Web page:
CMSC Hosts New England Regional Coordinators Meeting
In late July, CMSC hosted Main Street Coordinators from Delaware, New Hampshire, New York (Western Eerie Canal), Boston, MA, Pennsylvania, Vermont and Maine, as well as Patrice Frey, the new National Main Street Center CEO.
|Main Street Program Coordinators from New England enjoy lunch with CMSC at Loft 628 in Hartford.|
This was the first time CMSC hosted an event like this. The agenda included a brief overview from each of the Executive Directors about the successes and challenges their individual programs face. Ms. Frey gave an overview of current activity at the National Main Street Center, which was created as a subsidiary of the National Trust for Historic Preservation earlier this year. The group then had an open discussion about the evolving role between state, regional and citywide coordinators and local programs, as well as updating the list of criteria designated Main Street Programs need to meet for national accreditation. (Currently the ten criteria are all internally focused and do not necessary best reflect the results of the work of these organizations.)
The group took a short field trip to the Colt Gateway building for lunch prepared by Chef Harry and a behind-the-scenes tour of the redevelopment underway on the building, including a spectacular view from the famous Blue Onion Dome.
CMSC Appointed to Blight Task Force
At the close of the recent legislative session, Substitute House Bill No. 6235 was passed, "An Act Creating a State-wide Task Force to Address Blight and Concerning Notice of Fines, Penalties, Costs or Fees for Citations Issued Under Municipal Ordinances." The Task Force will examine procedural problems with addressing blight at the municipal level and propose legislative solutions. The group is to be comprised of various members, including the chairs and ranking members of the Planning & Development Committee; representatives from the CT Conference of Municipalities (CCM), CT Business and Industry Association (CBIA ), CT Council of Small Towns (COST) and "the president and chief executive officer of Connecticut Main Street Center," among others. The task force is expected to convene sometime this fall. Of course, CMSC will bring a Main Street perspective to the group, as areas that are clean, safe, and fun matter to all of us.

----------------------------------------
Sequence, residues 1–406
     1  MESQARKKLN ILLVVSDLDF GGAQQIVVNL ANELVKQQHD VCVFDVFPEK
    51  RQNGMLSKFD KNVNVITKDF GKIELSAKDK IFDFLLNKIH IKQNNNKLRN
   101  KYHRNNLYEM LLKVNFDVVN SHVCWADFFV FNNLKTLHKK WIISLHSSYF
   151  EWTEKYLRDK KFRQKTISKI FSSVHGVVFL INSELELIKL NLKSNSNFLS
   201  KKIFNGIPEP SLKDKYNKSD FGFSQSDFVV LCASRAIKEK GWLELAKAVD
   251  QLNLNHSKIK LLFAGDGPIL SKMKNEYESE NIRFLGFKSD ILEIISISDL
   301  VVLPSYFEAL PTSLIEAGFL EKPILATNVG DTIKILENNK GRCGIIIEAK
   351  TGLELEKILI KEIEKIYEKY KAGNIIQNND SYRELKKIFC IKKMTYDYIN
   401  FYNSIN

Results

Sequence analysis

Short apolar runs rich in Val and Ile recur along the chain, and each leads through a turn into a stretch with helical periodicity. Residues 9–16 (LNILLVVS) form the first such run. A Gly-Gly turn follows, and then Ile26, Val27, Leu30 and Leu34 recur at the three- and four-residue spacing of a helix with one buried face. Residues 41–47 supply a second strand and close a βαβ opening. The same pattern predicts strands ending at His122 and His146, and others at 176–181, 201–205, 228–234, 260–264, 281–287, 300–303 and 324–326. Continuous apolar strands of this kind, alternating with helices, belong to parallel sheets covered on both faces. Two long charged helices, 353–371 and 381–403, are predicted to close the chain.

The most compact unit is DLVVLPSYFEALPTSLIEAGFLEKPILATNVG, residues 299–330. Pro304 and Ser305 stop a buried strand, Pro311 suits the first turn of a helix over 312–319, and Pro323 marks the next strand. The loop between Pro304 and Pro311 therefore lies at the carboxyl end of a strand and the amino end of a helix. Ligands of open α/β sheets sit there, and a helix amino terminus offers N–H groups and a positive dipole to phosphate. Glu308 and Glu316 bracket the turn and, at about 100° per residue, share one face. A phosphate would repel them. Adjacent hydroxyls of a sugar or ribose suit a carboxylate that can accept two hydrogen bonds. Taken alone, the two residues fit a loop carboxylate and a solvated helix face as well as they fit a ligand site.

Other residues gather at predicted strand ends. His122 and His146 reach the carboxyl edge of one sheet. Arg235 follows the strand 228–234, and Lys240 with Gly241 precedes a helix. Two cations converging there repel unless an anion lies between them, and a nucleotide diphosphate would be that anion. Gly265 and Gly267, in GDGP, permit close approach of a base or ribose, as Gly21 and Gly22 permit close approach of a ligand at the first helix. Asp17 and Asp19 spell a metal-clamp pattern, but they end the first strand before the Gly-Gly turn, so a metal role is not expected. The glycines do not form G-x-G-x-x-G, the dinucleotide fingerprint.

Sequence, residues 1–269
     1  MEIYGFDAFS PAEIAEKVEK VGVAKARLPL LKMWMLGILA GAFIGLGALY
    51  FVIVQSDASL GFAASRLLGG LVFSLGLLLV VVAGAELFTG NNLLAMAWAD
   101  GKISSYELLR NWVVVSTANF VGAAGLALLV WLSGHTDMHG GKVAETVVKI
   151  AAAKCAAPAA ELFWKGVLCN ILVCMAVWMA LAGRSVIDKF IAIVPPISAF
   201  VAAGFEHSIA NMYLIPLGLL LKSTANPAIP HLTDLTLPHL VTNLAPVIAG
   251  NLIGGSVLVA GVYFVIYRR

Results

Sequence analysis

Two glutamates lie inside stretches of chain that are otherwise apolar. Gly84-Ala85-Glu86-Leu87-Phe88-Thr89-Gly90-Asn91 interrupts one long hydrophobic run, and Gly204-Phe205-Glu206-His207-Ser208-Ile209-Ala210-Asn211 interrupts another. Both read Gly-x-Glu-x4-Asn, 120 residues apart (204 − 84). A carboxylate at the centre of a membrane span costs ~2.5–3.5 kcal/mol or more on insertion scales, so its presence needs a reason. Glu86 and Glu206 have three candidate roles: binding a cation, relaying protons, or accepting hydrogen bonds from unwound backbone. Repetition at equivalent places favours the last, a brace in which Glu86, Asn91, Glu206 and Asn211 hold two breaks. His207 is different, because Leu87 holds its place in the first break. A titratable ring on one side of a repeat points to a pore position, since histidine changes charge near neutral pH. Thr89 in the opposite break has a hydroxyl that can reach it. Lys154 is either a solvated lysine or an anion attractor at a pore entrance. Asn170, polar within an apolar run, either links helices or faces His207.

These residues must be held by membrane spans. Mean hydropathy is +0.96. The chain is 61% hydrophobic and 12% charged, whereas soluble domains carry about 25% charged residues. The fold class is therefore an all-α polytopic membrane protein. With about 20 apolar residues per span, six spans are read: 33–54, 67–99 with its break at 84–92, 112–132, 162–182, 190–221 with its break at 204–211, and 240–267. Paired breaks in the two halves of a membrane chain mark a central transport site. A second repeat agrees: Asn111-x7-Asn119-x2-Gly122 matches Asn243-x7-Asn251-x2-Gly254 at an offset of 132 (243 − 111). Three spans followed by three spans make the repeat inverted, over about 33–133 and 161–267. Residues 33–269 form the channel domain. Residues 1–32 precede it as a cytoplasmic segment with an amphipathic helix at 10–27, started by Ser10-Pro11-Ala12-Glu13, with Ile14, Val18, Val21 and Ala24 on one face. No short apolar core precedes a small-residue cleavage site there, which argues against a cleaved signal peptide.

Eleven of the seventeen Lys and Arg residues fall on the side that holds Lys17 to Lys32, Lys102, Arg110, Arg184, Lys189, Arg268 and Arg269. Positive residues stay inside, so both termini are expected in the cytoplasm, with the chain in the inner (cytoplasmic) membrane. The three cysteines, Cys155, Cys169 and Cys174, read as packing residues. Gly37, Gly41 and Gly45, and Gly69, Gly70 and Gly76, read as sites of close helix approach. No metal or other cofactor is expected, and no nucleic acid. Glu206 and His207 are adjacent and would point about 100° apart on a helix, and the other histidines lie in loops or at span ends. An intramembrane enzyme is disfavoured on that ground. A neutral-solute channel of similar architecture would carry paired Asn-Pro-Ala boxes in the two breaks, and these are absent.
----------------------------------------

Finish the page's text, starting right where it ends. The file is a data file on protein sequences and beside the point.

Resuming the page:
|YES Statewide Steering Committee Convenes
Young Energetic Solutions (YES), an initiative of the Partnership for Strong Communities (PSC), is convening a Statewide Steering Committee to guide its work. YES's goal is to ensure young professionals have a role in thoughtfully and creatively shaping their communities. The Statewide Steering Committee is comprised of both Local and State Organizers. The Local Organizers are on-the-ground representatives of local community or non-profit organizations who will spearhead efforts to engage young people in creating their neighborhoods through participation on boards and commissions. The State Organizers will provide assistance to the local YES groups through governance and overall administration including project management and communications.